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College Express program receives state attention 

 
Danville Commercial News
November 24, 2011

DANVILLE — When Lt. Governor Sheila Simon visited Danville Area Community College in September, she was intrigued by a presentation and discussion about the College Express Dual Enrollment partnership between DACC and 13 area high school districts.

Recently, Lt. Gov. Simon invited representatives from DACC, Vermilion Vocational Education Delivery System and Danville District 118 to present details about the College Express program to members of her Classroom First Commission.

The Classroom First Commission was created by state law to recommend ways Illinois school districts can improve student learning opportunities and reduce duplicative administration costs.

Simon’s Classroom First Commission will examine spending that is far removed from students, to cut bureaucracy and redirect tax dollars toward students. The goal is for parents and children to see greater educational options, while services are streamlined in the back rooms of district administrative centers.

The commission will review factors such as academic offerings, performance, financial stability and enrollment in its analysis. Its recommendations are due to the governor and General Assembly by July 1, 2012.

DACC President Alice Jacobs, VVEDS Director Kay Smoot, Danville District 118 Superintendent Mark Denman and DACC Business and Technology Division Dean Bruce Rape traveled to Springfield to address the commission on Nov. 16 and relate to them the success of the College Express partnership.

The administrators were accompanied by DACC student Taylor Poggendorf, a former College Express participant from Westville High School. Poggendorf participated in the health occupations program through College Express and is now taking courses to enter the registered nursing program at DACC.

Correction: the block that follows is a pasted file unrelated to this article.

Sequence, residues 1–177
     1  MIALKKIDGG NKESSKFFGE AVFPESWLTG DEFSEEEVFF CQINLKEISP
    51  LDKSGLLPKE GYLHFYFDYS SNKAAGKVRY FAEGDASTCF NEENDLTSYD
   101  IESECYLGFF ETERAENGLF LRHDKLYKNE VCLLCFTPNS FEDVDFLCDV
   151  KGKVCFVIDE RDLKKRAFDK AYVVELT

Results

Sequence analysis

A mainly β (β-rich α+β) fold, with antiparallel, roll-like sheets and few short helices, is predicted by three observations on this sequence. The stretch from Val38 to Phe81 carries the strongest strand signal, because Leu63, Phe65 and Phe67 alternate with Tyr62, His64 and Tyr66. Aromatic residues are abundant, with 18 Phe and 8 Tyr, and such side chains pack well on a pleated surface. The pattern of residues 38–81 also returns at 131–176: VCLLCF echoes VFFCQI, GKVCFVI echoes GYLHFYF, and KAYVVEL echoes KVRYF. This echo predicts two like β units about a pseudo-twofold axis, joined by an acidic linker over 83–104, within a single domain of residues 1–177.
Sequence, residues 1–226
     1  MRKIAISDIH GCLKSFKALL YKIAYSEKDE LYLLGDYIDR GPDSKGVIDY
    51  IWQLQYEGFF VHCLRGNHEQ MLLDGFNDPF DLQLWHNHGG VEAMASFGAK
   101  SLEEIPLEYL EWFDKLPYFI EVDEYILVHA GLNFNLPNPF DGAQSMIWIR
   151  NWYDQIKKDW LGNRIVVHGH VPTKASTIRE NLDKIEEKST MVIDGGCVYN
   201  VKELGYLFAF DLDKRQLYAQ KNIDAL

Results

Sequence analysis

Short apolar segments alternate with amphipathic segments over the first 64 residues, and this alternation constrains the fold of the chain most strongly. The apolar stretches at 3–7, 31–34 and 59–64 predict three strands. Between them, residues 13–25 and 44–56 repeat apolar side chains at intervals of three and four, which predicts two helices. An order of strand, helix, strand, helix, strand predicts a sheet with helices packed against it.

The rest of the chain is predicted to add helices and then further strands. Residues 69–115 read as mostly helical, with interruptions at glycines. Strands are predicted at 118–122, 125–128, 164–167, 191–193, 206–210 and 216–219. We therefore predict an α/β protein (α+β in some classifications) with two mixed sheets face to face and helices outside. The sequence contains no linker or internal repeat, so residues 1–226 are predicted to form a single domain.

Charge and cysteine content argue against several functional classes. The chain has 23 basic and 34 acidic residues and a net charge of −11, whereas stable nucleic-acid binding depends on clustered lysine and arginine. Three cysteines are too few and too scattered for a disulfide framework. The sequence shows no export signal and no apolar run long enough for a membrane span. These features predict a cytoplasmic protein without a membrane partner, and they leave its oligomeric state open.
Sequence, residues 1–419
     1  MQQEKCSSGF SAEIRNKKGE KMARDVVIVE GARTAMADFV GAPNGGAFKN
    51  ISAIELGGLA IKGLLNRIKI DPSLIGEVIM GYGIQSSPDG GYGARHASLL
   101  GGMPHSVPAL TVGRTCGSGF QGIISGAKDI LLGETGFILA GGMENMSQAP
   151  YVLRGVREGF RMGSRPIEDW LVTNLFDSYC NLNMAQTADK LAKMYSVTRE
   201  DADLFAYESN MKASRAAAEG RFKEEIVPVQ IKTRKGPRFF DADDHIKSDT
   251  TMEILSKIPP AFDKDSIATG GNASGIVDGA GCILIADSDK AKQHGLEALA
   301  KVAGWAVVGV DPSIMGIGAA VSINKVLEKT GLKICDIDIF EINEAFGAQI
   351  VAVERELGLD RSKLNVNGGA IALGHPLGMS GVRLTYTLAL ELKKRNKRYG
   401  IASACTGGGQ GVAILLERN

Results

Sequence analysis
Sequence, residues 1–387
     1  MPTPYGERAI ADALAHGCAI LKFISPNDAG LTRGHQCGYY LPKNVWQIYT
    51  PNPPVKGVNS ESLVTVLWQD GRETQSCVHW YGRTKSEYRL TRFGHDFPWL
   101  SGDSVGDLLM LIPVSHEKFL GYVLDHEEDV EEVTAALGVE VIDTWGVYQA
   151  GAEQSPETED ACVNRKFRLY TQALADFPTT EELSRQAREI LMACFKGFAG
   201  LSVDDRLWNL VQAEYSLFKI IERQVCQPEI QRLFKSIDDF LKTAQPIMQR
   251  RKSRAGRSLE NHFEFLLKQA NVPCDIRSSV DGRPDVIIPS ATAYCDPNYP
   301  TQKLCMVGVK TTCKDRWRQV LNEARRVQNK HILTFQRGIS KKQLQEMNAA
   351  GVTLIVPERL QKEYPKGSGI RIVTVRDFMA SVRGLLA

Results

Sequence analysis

Administered through the VVEDS, College Express offers dual credit to more than 500 area high school juniors and seniors, 16-18 years old, in 16 career and technical education areas that lead to associate degrees or certificates.

The goals are to encourage high school completion, increase postsecondary degree attainment and provide a skilled workforce. Optimally, a high school student enters the program as a junior and attends classes at DACC for 1½ hours each day. At the end of four semesters, a student may have earned 12-16 college credits. Health occupation students are prepared to take the Illinois Department of Public Health certification exam and receive their CNA certification.

College Express students do well in their college coursework and are more likely to complete associate degrees after high school. More than 90 percent of College Express students receive a grade of C or better in their classes. While 42 percent of recent area high school graduates enroll at DACC, 52 percent of graduates who have completed at least two semesters of College Express classes enroll at DACC. Some students have gone directly into the workforce as a result of their College Express coursework. Because of this partnership, it is no longer necessary to duplicate equipment and lab facilities at secondary and postsecondary sites.

During fiscal year 2011 (summer 2010, fall 2010, spring 2011), more than $567,000 in college credit was earned by DACC District 507 high school students through the College Express program. This savings equates to 3,387 credit hours or 1,321 courses completed.